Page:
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martyjon
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« Reply #66 on: July 26, 2019, 05:36:40 pm »

Off topic really but please forgive me for this ;-

Tour de France halted today through SNOW and snowploughs and bulldozers were unable to clear the route in time.
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broadgage
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« Reply #67 on: July 26, 2019, 09:13:31 pm »

It's not inconceivable for a trolley (or buffet) to include a barrel of drinking water with a tap for refilling bottles or cups. Whether a small charge would be appropriate for this (because water is not free and the trolley or buffet is a commercial service) is probably a matter for the trolley/buffet operator (but doubtless we can air our opinions here too).

I find cold black tea refreshing on really hot days but I don't think that's a popular beverage so wouldn't expect it to be served on a train!  Cheesy

I would favour cold black beer, and would expect to find it served on a train. Guinness is the brand leader, other dark beers are available, any reasonable quality brand would be fine.
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A proper intercity train has a minimum of 8 coaches, gangwayed throughout, with first at one end, and a full sized buffet car between first and standard.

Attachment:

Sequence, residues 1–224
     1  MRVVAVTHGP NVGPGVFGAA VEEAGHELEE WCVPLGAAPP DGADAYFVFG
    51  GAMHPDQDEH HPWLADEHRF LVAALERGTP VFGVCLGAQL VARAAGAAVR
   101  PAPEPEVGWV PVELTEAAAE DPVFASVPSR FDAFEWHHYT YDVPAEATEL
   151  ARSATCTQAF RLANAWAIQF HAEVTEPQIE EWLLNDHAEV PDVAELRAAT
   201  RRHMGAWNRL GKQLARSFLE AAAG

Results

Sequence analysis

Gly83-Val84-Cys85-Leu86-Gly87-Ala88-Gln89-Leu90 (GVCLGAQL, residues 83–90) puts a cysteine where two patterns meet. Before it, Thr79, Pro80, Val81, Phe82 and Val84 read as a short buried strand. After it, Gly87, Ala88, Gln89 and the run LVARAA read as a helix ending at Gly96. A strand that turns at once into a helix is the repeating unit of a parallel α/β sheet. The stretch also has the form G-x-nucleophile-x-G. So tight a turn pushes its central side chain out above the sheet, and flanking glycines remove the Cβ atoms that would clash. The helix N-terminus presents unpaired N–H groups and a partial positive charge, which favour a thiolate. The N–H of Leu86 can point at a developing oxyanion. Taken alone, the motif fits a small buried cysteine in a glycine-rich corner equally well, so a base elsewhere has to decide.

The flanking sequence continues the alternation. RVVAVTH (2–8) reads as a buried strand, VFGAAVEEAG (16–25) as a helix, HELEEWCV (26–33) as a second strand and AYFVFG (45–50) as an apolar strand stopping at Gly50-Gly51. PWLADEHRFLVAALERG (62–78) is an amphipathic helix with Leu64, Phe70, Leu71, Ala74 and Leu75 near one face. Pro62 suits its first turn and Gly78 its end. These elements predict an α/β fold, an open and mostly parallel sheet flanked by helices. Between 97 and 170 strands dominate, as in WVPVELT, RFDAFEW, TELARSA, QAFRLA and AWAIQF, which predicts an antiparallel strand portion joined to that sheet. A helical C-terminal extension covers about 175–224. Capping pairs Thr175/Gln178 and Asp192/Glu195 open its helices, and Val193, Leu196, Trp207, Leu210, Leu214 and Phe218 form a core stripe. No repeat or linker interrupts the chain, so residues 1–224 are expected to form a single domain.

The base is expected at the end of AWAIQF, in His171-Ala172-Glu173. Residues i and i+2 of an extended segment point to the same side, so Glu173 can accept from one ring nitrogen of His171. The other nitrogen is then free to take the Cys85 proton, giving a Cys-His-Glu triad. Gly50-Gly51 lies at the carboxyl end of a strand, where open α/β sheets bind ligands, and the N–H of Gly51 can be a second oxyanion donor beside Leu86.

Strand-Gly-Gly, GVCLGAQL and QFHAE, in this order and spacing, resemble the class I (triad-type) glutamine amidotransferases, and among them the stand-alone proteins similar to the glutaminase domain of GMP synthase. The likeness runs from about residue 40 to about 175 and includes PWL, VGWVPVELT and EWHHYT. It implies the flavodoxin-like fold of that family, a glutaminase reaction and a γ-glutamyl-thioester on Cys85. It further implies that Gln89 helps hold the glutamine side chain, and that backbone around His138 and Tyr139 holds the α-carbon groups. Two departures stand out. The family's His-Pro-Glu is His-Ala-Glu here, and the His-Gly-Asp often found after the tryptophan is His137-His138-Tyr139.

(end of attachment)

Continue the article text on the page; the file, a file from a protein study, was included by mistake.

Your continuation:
It has space for cycles, surfboards,luggage etc.
A 5 car DMU is not a proper inter-city train. The 5+5 and 9 car DMUs are almost as bad.
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« Reply #68 on: July 26, 2019, 11:54:58 pm »

I am curently enjoying the very last 2 pints of Ringwood's Porter, (dark beer) it was transported from place of brewing to home by my own two legs, with the help of a biccycle over 8 miles.
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Red Squirrel
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« Reply #69 on: October 14, 2019, 08:28:32 pm »

Quote
BRISTOL AIRPORT EXPANSION SPLITS COUNCIL LEADERS

A debate on climate change has exposed divisions between the leaders of three councils over Bristol Airport’s proposed expansion.

Both Bristol City Council and South Gloucestershire Council support the plans to increase the number of passengers by a fifth to 12 million a year by 2025.